Chapter 25: The Value of The Pitch

Imagine a door-to-door salesperson showing up at your home.  When you answer the door, he or she simply hands you a list of their products and asks, “What can I get you?”  Do you think this person would sell many products?  If you did agree to buy something off the list, what sort of commission do you think this person earned?  Would you consider them a professional salesperson? 

This is roughly the same amount of effort many servers put into sales. A server handing a guest a menu and returning to ask what they want is not sales.  It hardly even qualifies as order taking.  While in many restaurants this is acceptable, it should not be a practice of a great server in any type of restaurant.  Even in casual dining restaurants, your income can be significantly improved when guests order higher priced items.  You simply cannot afford not to try to steer your guests towards these items. 

Another reason to have a sales pitch is to present yourself as a professional.   For many years upscale restaurants have been presenting daily specials.  It is an expectation at more expensive restaurants and bringing that standard to more casual environments will make an impact.  You will be perceived as a professional and create an atmosphere reminiscent of places where your guest might expect to pay more.  This perception will increase your sales.

In addition to the sales aspect of the pitch, several other goals are achieved by pitching items on your menu:

Guide the Meal:  By pitching the menu, you create a picture of the meal in the guest’s mind.  By covering entrees, salads, soups, and appetizers, you paint a picture that includes all three courses.  This is often contradictory to your guests’ intention of going straight to the entrée.  It also will start them thinking about appetizers and salads initially instead of as an afterthought.  It gives the opening to the person at the table who wants an appetizer to start trying to convince the rest of the table as well.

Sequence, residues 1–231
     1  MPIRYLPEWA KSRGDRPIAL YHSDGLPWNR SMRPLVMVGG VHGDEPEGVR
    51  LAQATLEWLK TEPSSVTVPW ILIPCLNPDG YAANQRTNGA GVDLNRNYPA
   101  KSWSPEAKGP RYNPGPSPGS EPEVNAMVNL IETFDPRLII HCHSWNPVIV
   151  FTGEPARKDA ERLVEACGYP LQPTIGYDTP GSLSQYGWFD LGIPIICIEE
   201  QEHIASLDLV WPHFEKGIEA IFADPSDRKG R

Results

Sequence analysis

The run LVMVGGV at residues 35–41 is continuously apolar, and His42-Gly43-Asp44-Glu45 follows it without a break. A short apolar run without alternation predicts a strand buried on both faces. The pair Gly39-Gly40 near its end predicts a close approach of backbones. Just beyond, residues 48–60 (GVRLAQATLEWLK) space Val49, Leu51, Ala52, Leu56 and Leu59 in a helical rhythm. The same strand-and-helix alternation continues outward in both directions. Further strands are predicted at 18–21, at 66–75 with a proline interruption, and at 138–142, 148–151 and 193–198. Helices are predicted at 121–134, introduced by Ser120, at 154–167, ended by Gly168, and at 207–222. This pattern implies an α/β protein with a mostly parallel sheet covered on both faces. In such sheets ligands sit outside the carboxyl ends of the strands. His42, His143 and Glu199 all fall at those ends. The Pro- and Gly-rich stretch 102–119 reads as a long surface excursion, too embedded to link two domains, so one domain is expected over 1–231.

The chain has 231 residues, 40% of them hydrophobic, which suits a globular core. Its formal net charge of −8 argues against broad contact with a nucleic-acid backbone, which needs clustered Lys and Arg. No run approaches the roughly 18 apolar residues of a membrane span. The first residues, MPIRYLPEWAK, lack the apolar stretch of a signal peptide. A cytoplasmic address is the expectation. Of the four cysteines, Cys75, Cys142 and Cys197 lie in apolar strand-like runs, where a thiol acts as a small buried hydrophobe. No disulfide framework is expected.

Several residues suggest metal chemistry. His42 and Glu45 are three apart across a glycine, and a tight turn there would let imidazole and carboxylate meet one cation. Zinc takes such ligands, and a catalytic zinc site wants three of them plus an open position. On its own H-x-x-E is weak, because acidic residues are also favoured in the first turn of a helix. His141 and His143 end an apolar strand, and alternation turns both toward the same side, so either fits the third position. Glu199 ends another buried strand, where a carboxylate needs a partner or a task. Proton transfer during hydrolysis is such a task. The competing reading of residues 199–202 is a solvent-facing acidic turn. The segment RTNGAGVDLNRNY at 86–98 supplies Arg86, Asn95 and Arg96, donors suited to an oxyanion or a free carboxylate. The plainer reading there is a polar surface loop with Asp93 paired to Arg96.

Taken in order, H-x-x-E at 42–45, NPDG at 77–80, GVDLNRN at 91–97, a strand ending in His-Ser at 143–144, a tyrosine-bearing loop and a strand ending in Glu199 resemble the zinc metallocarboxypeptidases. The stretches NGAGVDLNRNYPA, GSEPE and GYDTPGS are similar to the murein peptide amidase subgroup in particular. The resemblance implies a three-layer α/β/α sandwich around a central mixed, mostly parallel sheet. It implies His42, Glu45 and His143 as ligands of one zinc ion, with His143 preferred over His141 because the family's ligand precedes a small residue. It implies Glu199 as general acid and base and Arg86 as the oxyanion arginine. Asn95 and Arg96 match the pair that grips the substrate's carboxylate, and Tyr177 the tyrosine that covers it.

Set the Pace:  Often when your guests arrive they might want to take time to talk before considering the menu.  This can take up a significant amount of time before you can turn in their order, which could cost you another table at the end of the night.  Talking about the menu will get their thoughts turned to food, making them hungry, and therefore more eager to order.  This is also important with guests who are indecisive by giving them reasons for a decision.  Indecisive guests will put off making their decision the longest, and your recommendation serves as an easy default once other guests are ready to order.

Reassure:  Guests will often face doubts about ordering certain items.  This is especially true about items that are more expensive or adventurous.  By pitching these items, you are adding your seal of approval from the start and without prompting.  This sort of unsolicited recommendation will go a long way towards convincing the guest to take the risk.  It also gives you the opportunity to take credit for the recommendation.

Even in restaurants where pitching the menu is not customary, it is still advisable.  The type of restaurant where you work will determine how much detail you go into, but in all styles of restaurants it is beneficial to try to lead the guest’s meal.  This is not only to sell higher-priced items, but also to expedite the ordering process and show your expertise.  It does take time, but it is time well spent.  The numerous advantages of pitching the menu all make their impact in one very significant place, your tip.

This is an excerpt from Tips2:Tips For Improving Your Tips (c) 2011 by David Hayden All Rights Reserved